The Army has selected General Dynamics Land Systems and American Rheinmetall Vehicles for the next phase of its XM30 mechanized infantry combat vehicle program — an initiative formerly known as the Optionally Manned Fighting Vehicle (OMFV).
The rebranded project is intended to replace the Bradley fighting vehicle and bring “new, transformational capabilities to the fight,” Army acquisition chief Doug Bush told reporters during a roundtable Monday a few hours before the formal announcement of the contract awards, which have a total value of $1.6 billion.
The contracts cover phases 3 and 4 of a five-phase program, according to Maj. Gen. Glenn Dean, program executive officer ground combat systems.
“Phase 3 is the detailed digital design phase. This takes the vehicles from concept to a ready-to-build in the physical world digital model that has been modeled, simulated and tested in a digital environment. We will then transition the program out of our Middle Tier Acquisition authority into a major capability acquisition executing Milestone B and making the decision to enter phase 4,” he told reporters during the roundtable.
For phase 4, each contractor team will build up to 11 prototypes that will support live fire, developmental and limited user testing, leading up to a Milestone C decision in 2027. One of the two contractor teams will then be selected to move into phase 5, which will include the production and fielding of the XM30. First unit equipped is slated for fiscal 2029.
The stakes will be high for the vendors as they square off in a winner-take-all competition for a program that could be worth about $45 billion.
Army officials did not immediately disclose which companies lost out in the competition for the new contracts that were announced Monday.
The XM30, which will have a hybrid electric powertrain, is expected to deliver “next-generation lethality, protection and mobility,” and be able to engage advanced adversaries at greater distances.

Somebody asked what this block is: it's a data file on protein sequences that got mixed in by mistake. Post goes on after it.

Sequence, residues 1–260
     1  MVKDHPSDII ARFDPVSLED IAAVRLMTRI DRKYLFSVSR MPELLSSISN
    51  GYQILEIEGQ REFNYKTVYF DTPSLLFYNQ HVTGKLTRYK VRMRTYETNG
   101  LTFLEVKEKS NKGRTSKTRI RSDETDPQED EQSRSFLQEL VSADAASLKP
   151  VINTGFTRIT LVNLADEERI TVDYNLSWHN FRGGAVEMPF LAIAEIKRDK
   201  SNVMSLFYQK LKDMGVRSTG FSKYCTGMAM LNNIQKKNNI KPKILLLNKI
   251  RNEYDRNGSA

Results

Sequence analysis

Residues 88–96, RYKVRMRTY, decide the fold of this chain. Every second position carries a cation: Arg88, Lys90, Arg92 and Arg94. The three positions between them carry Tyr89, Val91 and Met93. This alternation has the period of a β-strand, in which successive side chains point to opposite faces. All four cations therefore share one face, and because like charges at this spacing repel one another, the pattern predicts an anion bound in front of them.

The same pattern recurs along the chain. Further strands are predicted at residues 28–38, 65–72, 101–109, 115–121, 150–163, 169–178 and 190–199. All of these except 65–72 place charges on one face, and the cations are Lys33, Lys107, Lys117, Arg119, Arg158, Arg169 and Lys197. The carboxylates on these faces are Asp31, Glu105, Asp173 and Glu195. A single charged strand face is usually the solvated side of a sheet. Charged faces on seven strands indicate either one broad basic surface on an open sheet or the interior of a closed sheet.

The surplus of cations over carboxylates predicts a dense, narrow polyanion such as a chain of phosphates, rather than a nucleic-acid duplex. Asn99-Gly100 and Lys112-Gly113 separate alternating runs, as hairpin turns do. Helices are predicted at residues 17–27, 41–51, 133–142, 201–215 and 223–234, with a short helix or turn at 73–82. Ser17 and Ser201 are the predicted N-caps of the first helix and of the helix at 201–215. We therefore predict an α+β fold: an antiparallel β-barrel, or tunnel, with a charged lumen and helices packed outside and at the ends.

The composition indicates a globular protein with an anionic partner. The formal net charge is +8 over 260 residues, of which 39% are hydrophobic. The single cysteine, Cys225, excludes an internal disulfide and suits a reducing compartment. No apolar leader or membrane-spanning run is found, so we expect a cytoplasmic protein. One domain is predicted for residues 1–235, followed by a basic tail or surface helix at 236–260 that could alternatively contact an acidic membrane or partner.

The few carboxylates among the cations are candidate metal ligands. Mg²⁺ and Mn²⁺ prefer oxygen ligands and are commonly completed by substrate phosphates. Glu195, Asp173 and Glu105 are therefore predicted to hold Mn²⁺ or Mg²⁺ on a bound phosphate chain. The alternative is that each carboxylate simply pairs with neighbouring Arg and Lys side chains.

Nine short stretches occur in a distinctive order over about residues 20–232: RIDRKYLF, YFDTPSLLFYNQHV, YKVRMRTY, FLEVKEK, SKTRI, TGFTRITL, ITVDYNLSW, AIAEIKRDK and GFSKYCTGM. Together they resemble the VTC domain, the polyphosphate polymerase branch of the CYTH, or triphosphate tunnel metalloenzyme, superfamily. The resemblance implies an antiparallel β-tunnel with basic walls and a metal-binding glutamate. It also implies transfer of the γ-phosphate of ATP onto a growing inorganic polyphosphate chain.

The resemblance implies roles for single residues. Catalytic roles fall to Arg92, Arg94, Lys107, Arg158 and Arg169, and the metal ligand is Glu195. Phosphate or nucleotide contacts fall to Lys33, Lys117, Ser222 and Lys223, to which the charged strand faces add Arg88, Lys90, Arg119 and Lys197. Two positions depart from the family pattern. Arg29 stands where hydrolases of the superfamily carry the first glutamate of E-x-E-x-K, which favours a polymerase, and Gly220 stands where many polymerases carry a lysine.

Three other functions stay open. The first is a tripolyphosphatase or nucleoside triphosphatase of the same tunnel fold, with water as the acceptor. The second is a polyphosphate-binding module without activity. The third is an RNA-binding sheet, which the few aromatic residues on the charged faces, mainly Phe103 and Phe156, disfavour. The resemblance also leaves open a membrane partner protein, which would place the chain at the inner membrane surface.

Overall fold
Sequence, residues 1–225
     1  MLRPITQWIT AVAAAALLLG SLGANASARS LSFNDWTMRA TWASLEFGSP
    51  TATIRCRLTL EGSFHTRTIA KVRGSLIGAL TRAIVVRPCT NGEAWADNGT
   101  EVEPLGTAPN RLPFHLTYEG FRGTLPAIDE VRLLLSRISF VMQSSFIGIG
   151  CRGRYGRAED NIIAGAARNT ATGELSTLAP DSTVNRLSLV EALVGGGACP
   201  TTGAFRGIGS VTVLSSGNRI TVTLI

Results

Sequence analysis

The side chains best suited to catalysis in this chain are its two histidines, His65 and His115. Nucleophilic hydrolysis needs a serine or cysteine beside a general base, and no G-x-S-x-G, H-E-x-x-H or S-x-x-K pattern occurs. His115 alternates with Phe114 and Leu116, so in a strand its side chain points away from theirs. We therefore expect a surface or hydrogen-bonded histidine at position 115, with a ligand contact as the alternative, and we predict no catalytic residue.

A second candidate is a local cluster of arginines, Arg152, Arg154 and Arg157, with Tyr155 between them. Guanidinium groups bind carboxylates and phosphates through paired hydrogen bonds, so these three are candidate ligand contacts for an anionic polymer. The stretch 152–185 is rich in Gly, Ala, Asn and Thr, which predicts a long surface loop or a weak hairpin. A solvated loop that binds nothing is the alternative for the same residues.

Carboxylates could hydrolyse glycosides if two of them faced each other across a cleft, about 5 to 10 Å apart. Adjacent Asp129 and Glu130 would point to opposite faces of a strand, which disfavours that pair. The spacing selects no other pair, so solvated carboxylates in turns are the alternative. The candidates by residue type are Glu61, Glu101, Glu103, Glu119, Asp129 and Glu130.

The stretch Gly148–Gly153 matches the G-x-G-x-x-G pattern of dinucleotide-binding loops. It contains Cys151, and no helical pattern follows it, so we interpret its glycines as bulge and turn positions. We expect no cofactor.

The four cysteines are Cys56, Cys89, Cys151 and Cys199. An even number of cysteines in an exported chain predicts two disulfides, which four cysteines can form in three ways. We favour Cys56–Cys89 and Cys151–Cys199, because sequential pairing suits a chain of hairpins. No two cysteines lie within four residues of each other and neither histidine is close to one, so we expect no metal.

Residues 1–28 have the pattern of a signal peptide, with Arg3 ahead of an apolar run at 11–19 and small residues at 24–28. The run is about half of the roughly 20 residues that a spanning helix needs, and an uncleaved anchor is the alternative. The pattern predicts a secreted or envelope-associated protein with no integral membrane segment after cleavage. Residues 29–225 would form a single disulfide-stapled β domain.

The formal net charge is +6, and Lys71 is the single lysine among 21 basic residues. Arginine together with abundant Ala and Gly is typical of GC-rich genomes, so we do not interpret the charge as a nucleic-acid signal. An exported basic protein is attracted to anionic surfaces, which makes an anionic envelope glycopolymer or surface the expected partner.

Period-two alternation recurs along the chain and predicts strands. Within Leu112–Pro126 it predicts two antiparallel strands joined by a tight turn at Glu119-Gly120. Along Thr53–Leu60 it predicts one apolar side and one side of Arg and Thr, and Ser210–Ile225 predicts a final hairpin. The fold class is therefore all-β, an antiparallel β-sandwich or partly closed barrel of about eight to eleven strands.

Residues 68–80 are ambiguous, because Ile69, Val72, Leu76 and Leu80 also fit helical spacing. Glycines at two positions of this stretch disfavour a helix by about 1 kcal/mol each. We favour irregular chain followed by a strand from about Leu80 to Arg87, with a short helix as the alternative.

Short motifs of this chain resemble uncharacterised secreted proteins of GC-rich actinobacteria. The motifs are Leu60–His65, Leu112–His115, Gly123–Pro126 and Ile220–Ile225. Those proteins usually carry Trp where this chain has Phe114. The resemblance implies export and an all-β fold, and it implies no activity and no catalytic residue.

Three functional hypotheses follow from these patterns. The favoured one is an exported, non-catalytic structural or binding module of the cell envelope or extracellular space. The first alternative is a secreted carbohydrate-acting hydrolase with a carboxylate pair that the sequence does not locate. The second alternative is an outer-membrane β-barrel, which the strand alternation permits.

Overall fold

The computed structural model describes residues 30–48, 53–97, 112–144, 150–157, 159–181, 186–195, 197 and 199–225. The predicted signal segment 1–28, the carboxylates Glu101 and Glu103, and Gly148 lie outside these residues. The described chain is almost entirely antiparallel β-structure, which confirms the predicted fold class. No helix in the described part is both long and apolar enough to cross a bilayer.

The platform will be able to hold up two crew and up to six passengers. It will come equipped with “a powerful lethality suite,” including a new 50-millimeter cannon and remote turret, anti-tank guided missiles and machine guns, all of which are to be employed through advanced third-generation FLIR and intelligent fire control, according to Brig. Gen. Geoff Norman, director of the Army’s next-generation combat vehicle cross-functional team.
“The occupants will benefit from innovative force protection systems that include integrated active protection systems, kitted armor and innovative signature management capabilities from the very beginning,” he told reporters.
Notably though, the platforms aren’t expected to be operated fully unmanned when they’re first fielded, according to officials.
“We anticipate right now that this will not be something you operate entirely unmanned in its initial configuration. The most important thing is that it’s been built drive-by-wire, shoot-by-wire, and has some ability to do optionally manned tasks. The key task in the early phase is to be able to maneuver autonomously through from waypoint to waypoint, which allows a movement from a point of debarkation to an assembly area, potentially uncrewed. But this is not something in 2029 that we anticipate fighting completely without personnel onboard,” Dean told DefenseScoop during the roundtable.